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Shifting State Constructions of Anangu Pitjantjatjara Yankunytjatjara: Changes to the South Australian Pitjantjatjara Land Rights Act 1981-2006

Tedmanson, Deirdre

Description

The Pitjantjatjara Land Rights Act (PLRA), passed by the Parliament of South Australia in 1981, was a milestone for Indigenous self-determination in Australia and a pinnacle of Anangu/state relations. Although passed under Liberal Premier David Tonkin, the PLRA had its roots in the leadership of Labor’s Don Dunstan, Premier for over a decade until 1979 and before that Aboriginal Affairs Minister. Dunstan’s vision for Indigenous land rights and self-determination for the Anangu Pitjantjatjara...[Show more]

dc.contributor.authorTedmanson, Deirdre
dc.date.accessioned2016-11-29T23:15:06Z
dc.identifier.otherb40394578
dc.identifier.urihttp://hdl.handle.net/1885/110788
dc.description.abstractThe Pitjantjatjara Land Rights Act (PLRA), passed by the Parliament of South Australia in 1981, was a milestone for Indigenous self-determination in Australia and a pinnacle of Anangu/state relations. Although passed under Liberal Premier David Tonkin, the PLRA had its roots in the leadership of Labor’s Don Dunstan, Premier for over a decade until 1979 and before that Aboriginal Affairs Minister. Dunstan’s vision for Indigenous land rights and self-determination for the Anangu Pitjantjatjara Yankunytjatjara (APY) Lands was embraced by both major parties. This historic achievement of communal land title and community self-determination was also the result of a five-year campaign by the Pitjantjatjara Council (PC) formed by Anangu in 1976. The PLRA created Anangu Pitjantjatjara (AP) as the ‘body corporate’ of Traditional Owners (TOs) and, through an elected Executive, empowered Anangu decision-making over development, access and other matters. By 2004 the Rann Labor Government was arguing that self-determination on the APY Lands had failed and seeking to appoint an Administrator to oversee the Lands. Over the next two years, amidst much contestation, Rann gained Opposition support to substantially amend the PLRA. Amendments re-asserted SA Government oversight and control of the Lands through ministerial powers to direct the Executive, or to suspend it and appoint an Administrator, amongst other changes. This thesis is a narrative account and critical analysis of what happened, how and why in the 25 years between the passing of the PLRA 1981 and its amendment into the APYLRA by 2006. It draws on two bodies of social science literature, critical policy analysis and political theory on Indigenous rights. Conceptually it argues that framing is an important part of the policy process. Using interpretative and critical policy thinkers like Colebatch, Bacchi and Fischer, the thesis considers how problems were identified and issues problematized in the politics of policy-making. It locates this discussion within broader questions of recognition, sovereignty, decolonisation and power. The thesis argues that the original policy context for the PLRA sought greater self-determination as justice for Anangu, enhancing the social well-being of their communities and reversing some of the debilitating effects of colonisation. In a very different framing 25 years later, Anangu leadership and governance were blamed for social ills in their communities, such as petrol sniffing. Despite two Coronial Inquests identifying inadequate government service delivery as contributing to the persistence of petrol sniffing on the Lands, the State Government targeted self-determination as the problem. Anangu community-control was pathologised, whereas in 1981 it had been eulogized. Drawing on the work of political theorists Kymlicka, Tully, Taylor and Fraser on minority rights and the politics of recognition, the thesis explores possibilities and limitations of self-determination within the context of the APY Lands. While the 1981 PLRA optimistically promoted Anangu self-determination as a form of internal decolonisation, this thesis argues that policy shifts through to 2006 mark a substantial retreat from the politics of recognition and minority rights.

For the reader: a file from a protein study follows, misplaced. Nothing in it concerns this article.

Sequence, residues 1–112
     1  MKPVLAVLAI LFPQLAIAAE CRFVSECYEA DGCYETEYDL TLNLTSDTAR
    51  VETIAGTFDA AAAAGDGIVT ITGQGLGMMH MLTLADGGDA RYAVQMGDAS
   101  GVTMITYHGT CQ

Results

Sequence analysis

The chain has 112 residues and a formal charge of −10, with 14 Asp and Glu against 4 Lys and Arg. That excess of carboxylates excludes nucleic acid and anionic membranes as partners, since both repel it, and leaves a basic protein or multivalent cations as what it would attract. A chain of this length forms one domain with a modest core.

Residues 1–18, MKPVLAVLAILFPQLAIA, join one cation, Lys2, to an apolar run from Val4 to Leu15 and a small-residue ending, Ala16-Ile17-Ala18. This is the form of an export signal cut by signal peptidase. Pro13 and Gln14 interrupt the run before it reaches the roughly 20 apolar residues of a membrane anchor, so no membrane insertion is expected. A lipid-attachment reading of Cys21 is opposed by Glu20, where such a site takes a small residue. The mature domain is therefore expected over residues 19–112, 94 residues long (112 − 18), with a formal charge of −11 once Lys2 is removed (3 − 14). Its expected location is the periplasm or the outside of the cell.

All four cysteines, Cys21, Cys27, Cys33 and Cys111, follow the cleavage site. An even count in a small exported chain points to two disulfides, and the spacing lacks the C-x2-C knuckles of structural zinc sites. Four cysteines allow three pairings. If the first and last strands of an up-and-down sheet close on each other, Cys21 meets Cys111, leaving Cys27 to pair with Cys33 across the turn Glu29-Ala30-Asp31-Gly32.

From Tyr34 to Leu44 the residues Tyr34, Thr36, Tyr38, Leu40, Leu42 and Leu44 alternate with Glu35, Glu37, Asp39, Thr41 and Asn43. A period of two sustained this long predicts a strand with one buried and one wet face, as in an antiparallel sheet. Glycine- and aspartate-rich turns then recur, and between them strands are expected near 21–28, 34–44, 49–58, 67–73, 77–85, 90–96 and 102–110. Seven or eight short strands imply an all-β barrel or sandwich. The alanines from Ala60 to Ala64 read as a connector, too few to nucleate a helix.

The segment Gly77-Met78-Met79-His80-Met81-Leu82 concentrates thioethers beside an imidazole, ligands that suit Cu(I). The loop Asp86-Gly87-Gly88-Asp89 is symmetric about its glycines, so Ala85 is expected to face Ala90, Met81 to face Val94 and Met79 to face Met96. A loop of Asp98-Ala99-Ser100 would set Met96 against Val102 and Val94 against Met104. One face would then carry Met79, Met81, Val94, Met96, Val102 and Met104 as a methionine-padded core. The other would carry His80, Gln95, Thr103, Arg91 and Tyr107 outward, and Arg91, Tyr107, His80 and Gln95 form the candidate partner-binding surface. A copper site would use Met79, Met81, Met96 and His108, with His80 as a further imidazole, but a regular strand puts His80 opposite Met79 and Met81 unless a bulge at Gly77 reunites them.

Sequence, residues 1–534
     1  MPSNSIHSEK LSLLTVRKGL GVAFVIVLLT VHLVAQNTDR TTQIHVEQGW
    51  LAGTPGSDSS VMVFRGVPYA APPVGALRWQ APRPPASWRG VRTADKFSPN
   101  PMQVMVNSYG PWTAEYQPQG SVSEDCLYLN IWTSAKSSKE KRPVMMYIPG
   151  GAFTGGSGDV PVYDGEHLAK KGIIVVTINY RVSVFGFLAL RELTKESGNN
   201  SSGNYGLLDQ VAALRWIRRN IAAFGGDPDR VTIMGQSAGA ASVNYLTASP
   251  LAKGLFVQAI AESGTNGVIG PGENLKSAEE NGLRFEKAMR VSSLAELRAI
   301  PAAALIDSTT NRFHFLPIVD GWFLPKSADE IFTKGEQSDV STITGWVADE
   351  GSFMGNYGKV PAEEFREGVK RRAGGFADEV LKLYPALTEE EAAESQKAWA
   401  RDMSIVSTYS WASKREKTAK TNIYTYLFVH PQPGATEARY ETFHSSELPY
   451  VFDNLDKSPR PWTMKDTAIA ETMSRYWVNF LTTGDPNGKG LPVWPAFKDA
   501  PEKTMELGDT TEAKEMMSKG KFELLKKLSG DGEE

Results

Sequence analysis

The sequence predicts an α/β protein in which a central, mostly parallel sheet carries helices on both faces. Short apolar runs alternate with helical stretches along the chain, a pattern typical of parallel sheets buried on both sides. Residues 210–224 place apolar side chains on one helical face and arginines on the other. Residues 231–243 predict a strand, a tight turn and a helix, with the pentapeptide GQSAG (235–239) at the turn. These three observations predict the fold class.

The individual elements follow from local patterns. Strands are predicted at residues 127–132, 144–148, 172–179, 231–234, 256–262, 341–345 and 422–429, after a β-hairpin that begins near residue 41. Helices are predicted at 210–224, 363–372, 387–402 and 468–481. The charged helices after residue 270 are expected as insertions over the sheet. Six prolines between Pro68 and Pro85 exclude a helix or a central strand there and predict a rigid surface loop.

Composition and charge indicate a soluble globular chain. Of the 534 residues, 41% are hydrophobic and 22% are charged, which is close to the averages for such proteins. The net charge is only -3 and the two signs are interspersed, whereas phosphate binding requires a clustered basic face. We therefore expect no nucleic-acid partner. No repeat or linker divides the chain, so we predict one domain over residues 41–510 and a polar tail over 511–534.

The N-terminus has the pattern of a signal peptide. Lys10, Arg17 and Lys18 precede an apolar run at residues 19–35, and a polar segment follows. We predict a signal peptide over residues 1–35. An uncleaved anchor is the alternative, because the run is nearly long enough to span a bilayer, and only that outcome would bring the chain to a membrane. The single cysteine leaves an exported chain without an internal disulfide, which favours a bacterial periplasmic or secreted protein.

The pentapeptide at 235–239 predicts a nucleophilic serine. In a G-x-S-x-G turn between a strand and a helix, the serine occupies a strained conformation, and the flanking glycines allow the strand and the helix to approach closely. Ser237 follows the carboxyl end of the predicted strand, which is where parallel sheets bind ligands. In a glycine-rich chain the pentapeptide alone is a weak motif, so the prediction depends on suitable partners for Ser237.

dc.language.isoen
dc.subjectland rights
dc.subjectself-determination
dc.subjectrecognition theory
dc.subjectcritical policy analysis
dc.subjectdecolonisation
dc.subjectAPY Lands
dc.titleShifting State Constructions of Anangu Pitjantjatjara Yankunytjatjara: Changes to the South Australian Pitjantjatjara Land Rights Act 1981-2006
dc.typeThesis (PhD)
local.contributor.supervisorSanders, Will
local.contributor.supervisorcontactwilliam.sanders@anu.edu.au
dcterms.valid2016
local.description.notesThe author has deposited the thesis.
local.type.degreeDoctor of Philosophy (PhD)
dc.date.issued2016
local.contributor.affiliationCollege of Arts and Social Sciences - Centre for Aboriginal Economic Policy Research
local.identifier.doi10.25911/5d763524705f3
dc.provenance6.2.2020 - Made open access after no response to emails re: extending restriction.
local.mintdoimint
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